Eating things. Snapped one of the bulbs off the huge, spendid dramatic Egyptian ('Walking') onions. It's a hot bugger, very pungent and a tad tough; I sauteed it and combined it with some of the swiss chard G harvested last week. Two great huge bags of it, since they seemed to be bolting and we read online somewhere that you could chop them off at ~3" and then be ready to harvest some more!
Veggies and herbs: G moved the green basil babies Teresa gave us out from under the red bud because we concluded they just weren't going to get enough sun there... put them into the garden. Five plants. They look tiny but very happy. So far G has put in 4 eggplant, 5 tomatoes (TJohansen), and 2 squash (TJohansen). Outside the garden in a new bed are onions and peppers, amaranth seed and corn seed. The peas--are very cute, but probably has been too hot for them. Put in sugar snaps and traditional--only one variety sprouted, but alas, I didn't mark them so I don't know which.
Transplanted a couple of
volunteer snap dragons from one of my many Fruit Ave pots into the red bud bed. Finally did something about my poor donkey tails. Mary's neighbor ( name. ergh.) gave me the starts for those when AE and I lived on that naked plot in Rio Rancho. I also stuck a tall spike of cholla in with them (looked out of place). The water and cold this past winter busted their vessel, a shallow wide terra cotta bowl clean in half. So they haven't been holding water and looked singed and desperate. Hacked off 2 chunks, put one in the xeric onion bed, the other down under the lady banks. Then chopped out the cholla and planted it in its own pot. Got the remaining clumps a new bowl. Water still poured through it, so I put a saucer under it.
G put in the sage.
I forked out some sunchoke bulbs and we finished populating the now buried blue ex-tomato tubs.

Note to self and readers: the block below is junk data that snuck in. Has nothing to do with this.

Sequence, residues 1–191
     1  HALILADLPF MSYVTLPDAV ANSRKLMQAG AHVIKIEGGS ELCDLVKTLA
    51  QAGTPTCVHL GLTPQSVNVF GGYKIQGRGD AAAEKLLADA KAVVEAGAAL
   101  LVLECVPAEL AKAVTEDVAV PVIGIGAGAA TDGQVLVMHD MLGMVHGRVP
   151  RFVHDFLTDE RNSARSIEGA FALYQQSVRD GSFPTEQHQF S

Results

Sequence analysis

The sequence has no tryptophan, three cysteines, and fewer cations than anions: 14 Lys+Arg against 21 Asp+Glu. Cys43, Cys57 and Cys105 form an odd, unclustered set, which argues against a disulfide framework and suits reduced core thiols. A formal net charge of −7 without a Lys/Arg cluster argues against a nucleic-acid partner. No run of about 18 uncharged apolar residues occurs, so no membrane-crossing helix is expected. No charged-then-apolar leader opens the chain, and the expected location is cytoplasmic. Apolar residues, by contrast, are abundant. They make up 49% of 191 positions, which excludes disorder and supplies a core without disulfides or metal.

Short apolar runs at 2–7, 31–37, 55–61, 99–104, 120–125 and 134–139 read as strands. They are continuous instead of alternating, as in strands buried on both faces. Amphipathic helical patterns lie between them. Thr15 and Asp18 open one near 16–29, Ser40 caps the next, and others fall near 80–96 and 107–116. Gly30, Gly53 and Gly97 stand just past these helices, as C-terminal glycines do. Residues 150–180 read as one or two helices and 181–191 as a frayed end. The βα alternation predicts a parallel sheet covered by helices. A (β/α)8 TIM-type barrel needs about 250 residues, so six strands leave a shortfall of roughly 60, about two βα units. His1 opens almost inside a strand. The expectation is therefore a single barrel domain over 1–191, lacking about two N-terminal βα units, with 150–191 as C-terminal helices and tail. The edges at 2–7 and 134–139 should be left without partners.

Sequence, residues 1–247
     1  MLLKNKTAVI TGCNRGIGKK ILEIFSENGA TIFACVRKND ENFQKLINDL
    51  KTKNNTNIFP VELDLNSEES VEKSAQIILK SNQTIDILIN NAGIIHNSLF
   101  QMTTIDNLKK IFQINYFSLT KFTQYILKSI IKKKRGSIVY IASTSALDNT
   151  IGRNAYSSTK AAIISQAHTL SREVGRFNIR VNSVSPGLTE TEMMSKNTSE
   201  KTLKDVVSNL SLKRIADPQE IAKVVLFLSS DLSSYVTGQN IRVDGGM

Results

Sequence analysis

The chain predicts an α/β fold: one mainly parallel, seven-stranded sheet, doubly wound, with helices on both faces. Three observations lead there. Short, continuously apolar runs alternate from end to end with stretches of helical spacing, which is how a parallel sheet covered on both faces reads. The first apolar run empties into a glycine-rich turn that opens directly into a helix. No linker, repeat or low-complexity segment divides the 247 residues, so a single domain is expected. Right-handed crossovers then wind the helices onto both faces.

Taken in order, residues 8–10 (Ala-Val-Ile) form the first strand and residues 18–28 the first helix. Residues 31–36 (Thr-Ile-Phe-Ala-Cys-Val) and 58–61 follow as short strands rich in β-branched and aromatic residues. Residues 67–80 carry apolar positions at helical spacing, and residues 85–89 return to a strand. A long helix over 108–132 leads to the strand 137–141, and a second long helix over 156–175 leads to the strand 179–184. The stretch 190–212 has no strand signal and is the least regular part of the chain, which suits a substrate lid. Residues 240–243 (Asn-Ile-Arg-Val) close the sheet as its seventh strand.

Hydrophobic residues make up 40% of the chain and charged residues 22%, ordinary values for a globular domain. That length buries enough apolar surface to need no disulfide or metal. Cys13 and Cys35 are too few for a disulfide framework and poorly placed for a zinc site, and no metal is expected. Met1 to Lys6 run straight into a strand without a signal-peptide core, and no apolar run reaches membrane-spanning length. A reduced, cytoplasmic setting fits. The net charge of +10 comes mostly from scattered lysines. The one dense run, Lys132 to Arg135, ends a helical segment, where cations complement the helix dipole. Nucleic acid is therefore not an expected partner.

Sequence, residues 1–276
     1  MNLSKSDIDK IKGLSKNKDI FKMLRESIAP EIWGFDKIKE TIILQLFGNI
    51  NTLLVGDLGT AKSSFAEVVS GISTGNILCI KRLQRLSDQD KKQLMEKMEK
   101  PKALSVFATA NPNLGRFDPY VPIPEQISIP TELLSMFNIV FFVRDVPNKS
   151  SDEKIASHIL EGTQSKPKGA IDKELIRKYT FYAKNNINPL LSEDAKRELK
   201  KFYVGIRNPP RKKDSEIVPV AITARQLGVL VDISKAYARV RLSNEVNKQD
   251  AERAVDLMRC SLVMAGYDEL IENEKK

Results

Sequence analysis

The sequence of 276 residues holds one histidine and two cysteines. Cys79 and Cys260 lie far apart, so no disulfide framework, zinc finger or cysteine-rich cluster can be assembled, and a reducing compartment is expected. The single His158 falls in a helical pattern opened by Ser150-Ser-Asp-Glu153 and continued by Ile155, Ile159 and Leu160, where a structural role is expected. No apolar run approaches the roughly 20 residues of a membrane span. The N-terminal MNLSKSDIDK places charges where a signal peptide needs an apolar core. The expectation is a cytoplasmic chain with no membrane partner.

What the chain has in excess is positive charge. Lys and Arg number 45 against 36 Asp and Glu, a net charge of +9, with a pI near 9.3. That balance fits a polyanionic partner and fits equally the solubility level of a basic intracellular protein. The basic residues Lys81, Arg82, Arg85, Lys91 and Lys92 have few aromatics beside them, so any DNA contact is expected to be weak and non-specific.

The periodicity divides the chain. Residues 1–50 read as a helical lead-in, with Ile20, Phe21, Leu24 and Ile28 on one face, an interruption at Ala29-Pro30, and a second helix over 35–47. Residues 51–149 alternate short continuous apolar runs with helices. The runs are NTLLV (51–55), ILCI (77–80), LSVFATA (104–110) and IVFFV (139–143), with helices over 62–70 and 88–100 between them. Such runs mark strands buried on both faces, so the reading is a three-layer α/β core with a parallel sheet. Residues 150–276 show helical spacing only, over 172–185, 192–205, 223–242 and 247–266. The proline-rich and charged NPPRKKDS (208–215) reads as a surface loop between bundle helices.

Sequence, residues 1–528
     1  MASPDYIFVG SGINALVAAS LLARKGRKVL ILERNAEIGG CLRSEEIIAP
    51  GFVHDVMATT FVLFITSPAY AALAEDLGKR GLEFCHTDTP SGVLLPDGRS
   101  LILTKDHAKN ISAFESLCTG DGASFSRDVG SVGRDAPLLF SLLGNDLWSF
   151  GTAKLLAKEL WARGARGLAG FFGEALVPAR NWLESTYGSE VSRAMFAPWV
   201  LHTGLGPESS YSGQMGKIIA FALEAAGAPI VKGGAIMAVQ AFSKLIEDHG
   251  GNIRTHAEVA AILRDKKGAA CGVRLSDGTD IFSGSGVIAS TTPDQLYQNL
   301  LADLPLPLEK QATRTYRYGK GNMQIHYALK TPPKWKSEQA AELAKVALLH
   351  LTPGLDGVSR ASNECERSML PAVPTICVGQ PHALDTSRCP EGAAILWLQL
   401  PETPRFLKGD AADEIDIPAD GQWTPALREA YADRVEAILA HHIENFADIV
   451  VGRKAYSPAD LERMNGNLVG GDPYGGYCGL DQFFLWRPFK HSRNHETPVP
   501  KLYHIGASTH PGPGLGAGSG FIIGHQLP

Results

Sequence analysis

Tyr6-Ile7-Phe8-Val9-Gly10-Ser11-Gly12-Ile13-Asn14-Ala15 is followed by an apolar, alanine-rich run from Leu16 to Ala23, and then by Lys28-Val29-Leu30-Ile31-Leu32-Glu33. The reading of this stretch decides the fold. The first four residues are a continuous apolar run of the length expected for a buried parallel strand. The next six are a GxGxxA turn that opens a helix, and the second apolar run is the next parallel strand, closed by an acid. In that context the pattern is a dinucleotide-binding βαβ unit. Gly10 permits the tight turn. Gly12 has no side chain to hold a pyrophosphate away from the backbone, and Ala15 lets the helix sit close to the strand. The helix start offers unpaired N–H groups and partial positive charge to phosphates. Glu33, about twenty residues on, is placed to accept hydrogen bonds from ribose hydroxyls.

And put tw0 of my holleyhocks along the wall (plants from seed in the beds outside Bookworks and Flying Star. A pale yellow). They may be youngsters, and not bloom until next year.
*G's pink bargain table rose is absolutely covered in blooms. It's gorgeous!
*Spotted a hummingbird at the feeder.
*G heard a huge ruckus and watched unhappily as a pigeon, undeterred by five or six angry adults, made off with a baby robin dangling from its beak. We were disturbed. And it confirmed G's scathing opinion of the big birds ("flying rats").

Goals: put up trellises and lady banks/ honeysuckle along the west wall for sound and sight barrier. Create a bed along the west wall, re-doing and greatly expanding Matthew's garden.

I would like: Irises. Sage and variegated sage. And to try garlic.

* * *
Last Thursday at noon -
Marge Piercy! (Add text and photos... maybe move it down an entry or two.) Now reading her Memoir, Sleeping with Cats.

"Remembering," she writes, "is like one of those old-fashioned black-and-white-tile floors: wherever I stand or sit, the tiles converge upon me. So our pasts always seem to lead us directly to our present choices. We turn and make a pattern of the chaos of our lives so that we belong exactly where we are."